Nanotechnology and Africa
After more than 20 years of basic nanoscience research and 10 years of focused research and development, applications of nanotechnology are delivering in both expected and unexpected ways on nanotechnology’s promise to benefit society.
Nanotechnology is helping to considerably improve, even revolutionise many technology and industry sectors: information technology, energy, environmental science, medicine, homeland security, food safety, and transportation.
To unravel it, nanotechnology is a branch of engineering that deals with the design and manufacture of extremely small electronic circuits and mechanical devices built at the molecular level of matter and it is very broad as it ranges from surface science, organic chemistry to molecular biology.
Dr Chiedza Maponga, the technical director of nanotechnology in Zimbabwe says: “Nanotechnology is an interesting part of science because it touches on both biology (which encapsulates all living things) and physics (non-living things) and as long as you are on this earth there is no escaping it.”
In its original sense, nanotechnology refers to the projected ability to construct items from the bottom up, using techniques and tools being developed today to make complete, high performance products.
Accordingly, nanotechnology can be of paramount importance to the African continent. It can add enormous value to African minerals ‑ gold, titanium, palladium, platinum and so on ‑ once simply exported abroad in their raw state to be transformed by others into valuable commodities.
Professor Paras Prasad of the State University of New York says: “Without nanotechnology, platinum or diamonds will continue to be exported in their raw form instead of semi-processed or finished products.”
Prof Prasad adds that platinum ore often has other valuable minerals such as silver, chrome, cobalt and to some extent gold.
“If the mining industry introduced nanotechnology, these minerals will be separated and each will be sold at its full value,” he remarks.
The other focus should be using nanotechnology to fight poverty. The Common Market for Eastern and Southern Africa (COMESA) is one bloc that is promoting the use of nanotechnology as the key to solving problems. In the arena of social development, nanotechnology could lead towards low cost energy, low cost electronics, and more efficient drug delivery.
Accordingly, the areas that benefit from the continued development of nanotechnology when it comes to electronic products include nano transistors, nano diodes, plasma displays and quantum computers.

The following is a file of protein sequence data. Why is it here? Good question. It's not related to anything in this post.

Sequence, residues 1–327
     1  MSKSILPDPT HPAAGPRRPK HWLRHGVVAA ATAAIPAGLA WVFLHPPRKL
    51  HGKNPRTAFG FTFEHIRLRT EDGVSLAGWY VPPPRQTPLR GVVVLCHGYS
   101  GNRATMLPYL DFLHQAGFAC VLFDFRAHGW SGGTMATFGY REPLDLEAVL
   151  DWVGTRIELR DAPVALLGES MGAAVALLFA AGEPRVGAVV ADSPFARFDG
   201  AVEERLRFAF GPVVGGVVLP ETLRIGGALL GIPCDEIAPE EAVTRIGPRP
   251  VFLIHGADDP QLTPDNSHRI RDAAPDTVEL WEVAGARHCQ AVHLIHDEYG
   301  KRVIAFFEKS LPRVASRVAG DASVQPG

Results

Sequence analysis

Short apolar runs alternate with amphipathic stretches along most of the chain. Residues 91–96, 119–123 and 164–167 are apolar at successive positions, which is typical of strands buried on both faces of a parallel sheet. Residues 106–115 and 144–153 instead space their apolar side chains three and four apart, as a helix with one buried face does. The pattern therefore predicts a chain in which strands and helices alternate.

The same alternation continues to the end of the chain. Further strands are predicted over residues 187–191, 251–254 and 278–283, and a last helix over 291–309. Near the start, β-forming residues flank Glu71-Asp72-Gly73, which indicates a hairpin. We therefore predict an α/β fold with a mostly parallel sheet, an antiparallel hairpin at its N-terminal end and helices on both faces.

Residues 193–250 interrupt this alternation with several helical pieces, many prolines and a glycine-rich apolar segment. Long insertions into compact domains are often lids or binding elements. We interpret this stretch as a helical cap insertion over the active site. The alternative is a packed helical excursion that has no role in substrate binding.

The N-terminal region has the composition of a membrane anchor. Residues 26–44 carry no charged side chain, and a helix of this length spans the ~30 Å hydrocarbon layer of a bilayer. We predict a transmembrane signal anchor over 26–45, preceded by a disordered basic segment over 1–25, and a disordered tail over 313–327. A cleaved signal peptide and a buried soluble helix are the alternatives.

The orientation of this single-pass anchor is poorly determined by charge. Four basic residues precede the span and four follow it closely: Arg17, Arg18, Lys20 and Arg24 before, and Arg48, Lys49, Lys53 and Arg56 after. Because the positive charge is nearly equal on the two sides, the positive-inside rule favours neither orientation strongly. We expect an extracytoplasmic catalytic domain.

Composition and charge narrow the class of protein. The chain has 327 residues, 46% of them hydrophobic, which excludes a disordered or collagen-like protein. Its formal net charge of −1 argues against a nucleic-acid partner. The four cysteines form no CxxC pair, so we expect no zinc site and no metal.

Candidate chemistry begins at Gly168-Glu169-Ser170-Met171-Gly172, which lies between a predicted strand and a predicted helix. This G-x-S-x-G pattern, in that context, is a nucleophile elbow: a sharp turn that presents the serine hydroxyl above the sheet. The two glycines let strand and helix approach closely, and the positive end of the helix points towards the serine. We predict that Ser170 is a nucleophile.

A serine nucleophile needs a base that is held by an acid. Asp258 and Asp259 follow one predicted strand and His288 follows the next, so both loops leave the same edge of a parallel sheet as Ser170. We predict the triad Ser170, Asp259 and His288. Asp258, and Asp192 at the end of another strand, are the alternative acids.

Importantly, nanotechnology can also benefit the energy sector in African countries. The development of more effective energy-producing, energy-absorbing, and energy storage products in smaller and more efficient devices is possible with this technology. Such items like batteries, fuel cells, and solar cells can be built smaller but can be made to be more effective with this technology.
Another industry that can benefit from nanotechnology is the manufacturing sector that will need materials like nanotubes, aerogels, nano particles, and other similar items to produce their products with. These materials are often stronger, more durable, and lighter than those that are not produced with the help of nanotechnology.
In the medical world, nanotechnology is also seen as a boon since these can help with creating what is called smart drugs
To ensure that Africa remains competitive with the international research community in this fast-developing field, the nanoscience and nanotechnology effort in different African countries should be co-ordinated at national level by ministries of science and technology.
These ministries should also come up with their respective national nanotechnology strategies. This means that Africa needs to take control over its own science and technology, instead of being an importer and consumer of foreign science and innovation.
By owning, and owning up to, its science and technology, African countries will be better able to steer and enhance their development according to their own agendas and choices. To effectively benefit from nanotechnology, Professor Aduda of the University of Nairobi believes African countries need to give attention to capacity building through their university curricula.
Prof Aduda says, “Allowing science students to do multi-disciplinary projects on nano would teach them to fruitfully cross the borders between physics, chemistry, and life sciences.”
For this to happen, nanotechnology education is crucial if the African continent is to effectively benefit from nanotechnology. This means tertiary institution in the continent should offer nanotechnology education and this education should involve a multidisciplinary natural science education with courses in nanotechnology, physics, chemistry, math and molecular biology.
Africa as a developing continent has a lot to benefit from nanotechnology. The continent should only create a conducive environment to harness the potential benefits of this promising field of science. Nanotechnology holds untold promise for the development of the African continent. Fully implemented, this science has the ability to assist in issues ranging from water sanitation to the treatment of diseases.
Therefore, it should be the mission of African countries to determine if they are fully prepared, financially and structurally, to heavily invest in nanotechnology projects and programmes.